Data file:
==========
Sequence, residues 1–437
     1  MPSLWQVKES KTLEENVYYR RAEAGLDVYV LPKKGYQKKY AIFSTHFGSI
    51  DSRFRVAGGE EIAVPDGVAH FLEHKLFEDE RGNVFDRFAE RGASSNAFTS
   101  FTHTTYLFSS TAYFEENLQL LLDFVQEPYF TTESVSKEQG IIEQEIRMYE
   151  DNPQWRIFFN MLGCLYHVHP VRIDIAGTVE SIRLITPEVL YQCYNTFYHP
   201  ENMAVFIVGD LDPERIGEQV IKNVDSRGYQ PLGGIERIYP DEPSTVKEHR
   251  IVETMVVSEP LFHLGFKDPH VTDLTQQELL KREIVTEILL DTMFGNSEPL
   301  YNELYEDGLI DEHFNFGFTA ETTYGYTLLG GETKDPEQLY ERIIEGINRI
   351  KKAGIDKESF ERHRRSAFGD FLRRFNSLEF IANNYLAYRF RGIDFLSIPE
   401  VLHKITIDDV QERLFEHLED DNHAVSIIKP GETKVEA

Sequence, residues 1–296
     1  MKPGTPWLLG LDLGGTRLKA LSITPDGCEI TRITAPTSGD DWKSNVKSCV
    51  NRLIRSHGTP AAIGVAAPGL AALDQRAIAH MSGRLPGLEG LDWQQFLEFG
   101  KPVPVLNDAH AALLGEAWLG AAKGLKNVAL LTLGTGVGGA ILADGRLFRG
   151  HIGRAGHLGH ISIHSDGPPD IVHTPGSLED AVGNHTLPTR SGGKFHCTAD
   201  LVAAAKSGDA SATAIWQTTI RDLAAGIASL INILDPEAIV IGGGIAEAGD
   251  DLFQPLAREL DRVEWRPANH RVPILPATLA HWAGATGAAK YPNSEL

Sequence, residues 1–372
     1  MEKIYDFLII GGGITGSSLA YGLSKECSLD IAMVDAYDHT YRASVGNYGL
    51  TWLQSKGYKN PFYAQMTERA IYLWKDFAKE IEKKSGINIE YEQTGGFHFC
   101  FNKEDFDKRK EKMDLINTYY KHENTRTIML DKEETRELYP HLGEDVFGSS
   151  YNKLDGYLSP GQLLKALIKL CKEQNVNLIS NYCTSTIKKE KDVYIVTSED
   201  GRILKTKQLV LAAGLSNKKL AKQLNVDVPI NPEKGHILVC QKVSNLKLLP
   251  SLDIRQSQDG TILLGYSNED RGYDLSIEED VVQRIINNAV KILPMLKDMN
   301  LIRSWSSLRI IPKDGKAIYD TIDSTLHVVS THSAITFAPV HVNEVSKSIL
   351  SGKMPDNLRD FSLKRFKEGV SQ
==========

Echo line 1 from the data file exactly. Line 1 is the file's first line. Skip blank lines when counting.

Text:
Sequence, residues 1–437